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November 2, 2019

152 Words that made me Realize I was Staying for all the Wrong Reasons.

There are few decisions more painful or complicated than deciding whether to stay or to go.

Loving someone consumes us and envelops our life.

We give our heart, our body, our mind, our time, and our energy to another person.

If we’re lucky, they become our best friend. If we’re lucky, they love us back and treat us well and are kind and faithful and honest and giving.

But love is not usually forever.

And, somewhere along the way, we get that nagging feeling that we’ve reached a roadblock, a dead end—something that tugs at our sleeve and whispers in our ear, “Go.”

Sometimes it’s for obvious reasons, and it’s not so much a question of whether we should go but how and when to go. Maybe the relationship is “toxic” or abusive. Maybe there’s a clear gap in compatibility. Maybe one of you wants kids and the other one doesn’t. Whatever the reason, it is clear and straightforward and simple.

But other times, it isn’t so clear, and we spend minutes or hours or days or months—or years—agonizing over the decision. Because there doesn’t seem to be any good, clear, get-out-now sign to leave.

Which is what I was struggling with when I stumbled upon a chapter in Cheryl Strayed’s book tiny beautiful things. The book is a collection of her best “Dear Sugar” advice columns. It is full of human honesty and compelling wisdom, and I have turned to it again and again in times of suffering and doubt.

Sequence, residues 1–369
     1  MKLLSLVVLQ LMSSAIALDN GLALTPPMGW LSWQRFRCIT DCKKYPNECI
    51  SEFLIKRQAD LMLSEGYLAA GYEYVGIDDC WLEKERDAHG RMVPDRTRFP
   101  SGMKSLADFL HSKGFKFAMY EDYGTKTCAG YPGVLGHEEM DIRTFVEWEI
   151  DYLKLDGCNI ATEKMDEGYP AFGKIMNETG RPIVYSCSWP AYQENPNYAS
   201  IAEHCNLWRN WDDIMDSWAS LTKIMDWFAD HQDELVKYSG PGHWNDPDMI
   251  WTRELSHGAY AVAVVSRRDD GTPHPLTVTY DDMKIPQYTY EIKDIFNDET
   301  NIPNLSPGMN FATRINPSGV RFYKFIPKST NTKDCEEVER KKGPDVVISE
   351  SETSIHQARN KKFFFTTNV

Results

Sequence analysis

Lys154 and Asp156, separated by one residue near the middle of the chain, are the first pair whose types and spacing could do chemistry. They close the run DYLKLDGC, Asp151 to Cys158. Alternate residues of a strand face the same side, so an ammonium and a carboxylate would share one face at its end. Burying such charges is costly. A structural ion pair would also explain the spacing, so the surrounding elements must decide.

In this chapter, Strayed addresses a question about how to know whether to stay or to leave.

Her response is powerful and eye-opening and oh-so-painfully true:

“Go, even though you love him.

Go, even though he’s kind and faithful and dear to you.

Go, even though he’s your best friend and you’re his.

Go, even though you can’t imagine your life without him.

Go, even though he adores you and your leaving will devastate him.

Go, even though your friends will be disappointed or surprised or pissed off or all three.

Go, even though you once said you would stay.

Go, even though you’re afraid of being alone.

Go, even though you’re sure no one will ever love you as well as he does.

Go, even though there is nowhere to go.

Go, even though you don’t know exactly why you can’t stay.

Go, because you want to.

Because wanting to leave is enough. Get a pen. Write that last sentence on your palm…Then read it over and over again until your tears have washed it away.”

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